And yet, sometimes a confrontation is necessary. What do we do when it shouldn’t be (or can’t be) avoided?
Only after telling Timothy when not to engage does he move on to describing when and how we should, and of course, this involves our hearts, again. First and foremost, he calls us to remember who we are and whose we are — “servants of the Lord.” Only then does he address the “how” — we are not to be quarrelsome, but kind, able to teach, and to patiently endure evil.
Paul wants to make sure Timothy has the right motive and heart posture prior to even thinking about engaging in a conflict. He wants Timothy to be prepared to enter confrontation rightly. Next, he addresses the “why” of confrontation — we are to “correct our opponents with gentleness.” Paul describes these traits to the Galatians as well — engaging with kindness, patience, and gentleness.
Next comes the “when”. Confronting should not be to win an argument, or to demonstrate our knowledge, or to gain points with our peers. Rather, he tells Timothy to be “able to teach” so you can “correct your opponents.” But correction is only the first part. Paul puts the icing on the cake (and the nail in the coffin of our pride) in verse 26 — confrontation is for your opponent’s righteousness, to rescue them from the devil — it is for them not you!
We can summarize with the following questions
When should I avoid confrontation? When it’s fruitless and quarrelsome. How should I confront someone when it’s necessary? With kindness, patience, and gentleness. When should I confront someone? When they need to be corrected. Why should I confront someone? To correct them so they can escape the snare of the devil.
How does your heart posture compare to that understanding of confrontation?
So, now, how are we to respond when we are confronted? Given those truths about how we are to confront others, would you expect the truth of how we are to respond when being confronted to be much different? Paul tells Timothy to “patiently endure evil” and Peter echoes this as well when he says “always being prepared to make a defense to anyone who asks you for a reason for the hope that is in you; yet do it with gentleness and respect” (2 Peter 3:15b)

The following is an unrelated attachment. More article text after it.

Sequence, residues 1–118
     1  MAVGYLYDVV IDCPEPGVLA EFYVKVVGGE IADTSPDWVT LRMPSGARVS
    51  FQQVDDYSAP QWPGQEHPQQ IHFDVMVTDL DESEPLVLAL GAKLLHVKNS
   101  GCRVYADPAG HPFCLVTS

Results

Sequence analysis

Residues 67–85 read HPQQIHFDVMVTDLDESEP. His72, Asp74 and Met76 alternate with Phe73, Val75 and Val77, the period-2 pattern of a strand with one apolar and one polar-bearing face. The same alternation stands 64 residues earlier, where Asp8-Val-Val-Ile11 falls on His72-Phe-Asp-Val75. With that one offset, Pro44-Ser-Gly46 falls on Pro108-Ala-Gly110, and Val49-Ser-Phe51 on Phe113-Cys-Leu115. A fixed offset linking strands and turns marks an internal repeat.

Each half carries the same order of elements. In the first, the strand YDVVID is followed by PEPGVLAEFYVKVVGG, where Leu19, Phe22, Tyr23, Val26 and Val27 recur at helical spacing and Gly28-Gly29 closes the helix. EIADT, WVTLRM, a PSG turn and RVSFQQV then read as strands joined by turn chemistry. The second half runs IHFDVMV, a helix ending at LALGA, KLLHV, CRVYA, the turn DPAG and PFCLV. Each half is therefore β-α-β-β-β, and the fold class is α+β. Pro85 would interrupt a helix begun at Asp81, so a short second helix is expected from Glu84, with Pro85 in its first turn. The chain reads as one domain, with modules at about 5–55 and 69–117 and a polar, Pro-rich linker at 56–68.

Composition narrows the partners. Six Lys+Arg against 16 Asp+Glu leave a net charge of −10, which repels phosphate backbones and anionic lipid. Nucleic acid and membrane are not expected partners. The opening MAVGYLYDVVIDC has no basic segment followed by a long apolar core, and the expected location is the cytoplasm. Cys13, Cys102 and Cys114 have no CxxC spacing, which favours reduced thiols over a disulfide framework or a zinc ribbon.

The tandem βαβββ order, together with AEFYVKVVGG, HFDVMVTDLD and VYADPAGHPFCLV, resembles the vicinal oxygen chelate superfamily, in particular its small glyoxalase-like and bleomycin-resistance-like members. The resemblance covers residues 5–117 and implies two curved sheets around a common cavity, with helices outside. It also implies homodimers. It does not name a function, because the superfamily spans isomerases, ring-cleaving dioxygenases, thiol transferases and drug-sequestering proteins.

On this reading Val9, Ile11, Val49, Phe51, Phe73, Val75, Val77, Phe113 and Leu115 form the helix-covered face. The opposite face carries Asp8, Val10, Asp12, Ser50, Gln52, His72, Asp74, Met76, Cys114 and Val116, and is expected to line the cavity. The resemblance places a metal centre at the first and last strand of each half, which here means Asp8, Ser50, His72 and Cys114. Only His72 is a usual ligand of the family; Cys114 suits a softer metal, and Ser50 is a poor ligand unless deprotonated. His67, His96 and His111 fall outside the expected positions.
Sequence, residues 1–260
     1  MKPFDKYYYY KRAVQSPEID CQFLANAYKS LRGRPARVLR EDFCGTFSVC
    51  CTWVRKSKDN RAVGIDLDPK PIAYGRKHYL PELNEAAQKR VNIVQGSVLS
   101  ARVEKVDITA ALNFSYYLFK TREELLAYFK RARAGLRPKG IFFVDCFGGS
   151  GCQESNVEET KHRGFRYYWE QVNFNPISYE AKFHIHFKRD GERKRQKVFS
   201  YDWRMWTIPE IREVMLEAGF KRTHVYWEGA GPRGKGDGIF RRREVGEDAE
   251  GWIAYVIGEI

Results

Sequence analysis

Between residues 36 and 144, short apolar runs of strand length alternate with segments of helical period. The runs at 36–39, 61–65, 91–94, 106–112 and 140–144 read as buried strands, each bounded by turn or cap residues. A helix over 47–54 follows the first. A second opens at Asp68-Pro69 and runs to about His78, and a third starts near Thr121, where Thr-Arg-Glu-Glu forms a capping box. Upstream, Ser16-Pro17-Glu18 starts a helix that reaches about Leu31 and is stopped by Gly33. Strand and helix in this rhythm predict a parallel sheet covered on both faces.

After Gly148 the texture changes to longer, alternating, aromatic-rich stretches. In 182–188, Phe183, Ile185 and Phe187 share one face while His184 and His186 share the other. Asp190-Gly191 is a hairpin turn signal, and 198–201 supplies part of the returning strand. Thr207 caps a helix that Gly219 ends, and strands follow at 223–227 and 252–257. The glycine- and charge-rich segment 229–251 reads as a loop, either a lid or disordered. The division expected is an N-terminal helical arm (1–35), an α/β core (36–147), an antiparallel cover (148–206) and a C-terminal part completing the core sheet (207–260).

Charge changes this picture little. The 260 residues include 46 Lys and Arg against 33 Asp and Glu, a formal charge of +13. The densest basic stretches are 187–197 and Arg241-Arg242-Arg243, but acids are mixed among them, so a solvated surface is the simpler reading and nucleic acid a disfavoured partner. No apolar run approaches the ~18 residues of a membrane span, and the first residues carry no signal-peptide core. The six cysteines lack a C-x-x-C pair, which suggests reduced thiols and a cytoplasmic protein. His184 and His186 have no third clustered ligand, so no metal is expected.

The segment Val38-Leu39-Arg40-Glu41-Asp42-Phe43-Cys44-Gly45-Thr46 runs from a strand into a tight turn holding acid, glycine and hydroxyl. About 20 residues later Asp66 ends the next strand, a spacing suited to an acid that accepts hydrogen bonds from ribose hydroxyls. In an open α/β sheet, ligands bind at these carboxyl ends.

First, no matter who confronts us, we are to honor Christ the Lord as holy. (1 Peter 3:15a)Next, we must realize who is confronting us. If we are being unjustly confronted, we are to be prepared to give a reason for the hope that is in us with gentleness and respect. We can answer the false charges, but we must be gentle, and we must be able to answer with a good conscience. We must endure the evil with patience.
If, however, we are being confronted by a brother or sister in love, we must understand that they are confronting us in the spirit that Paul instructs us to confront others — they are confronting us because they think we need correcting.
Proverbs 12:1 (1) Whoever loves discipline loves knowledge, but he who hates reproof is stupid. (ESV)
When we do need correcting, no matter who confronts us or the spirit in which the confrontation is given, we are called to receive the correction and repent in humility. If we refuse to be corrected, we are, to use biblical language, “stupid.”
It seems that every confrontation is an opportunity to apply the gospel, and we should always be looking for the gospel, not looking to “be right” or to “win”, but to correct in gentleness, to give a reason for the hope in us, and when corrected, to respond with repentance in humility.
Confrontation, while sometimes uncomfortable, is often necessary. If we don’t know how to handle confrontation, we can retreat into conflict avoidance, become self-righteous, and miss opportunities to call others to righteousness, to correct error, and ultimately, to speak the hope of the gospel into a situation that only the gospel can resolve. There is a time and a place for confrontation, but as Christians, we must approach confrontation with holiness, righteousness, humility, gentleness, and boldness and confidence in the gospel.
The world confronts to subdue and kill, and when confronted, it lashes out in self-righteous indignation and does not receive correction. The Christian confronts to convict in righteousness and to restore in love, and when confronted, humbly respond with gentleness and respect, and repentance and humility if necessary.
Let us be a people who live out these truths, looking to Jesus’ example and walking by the Spirit as we act as his ambassadors in our world.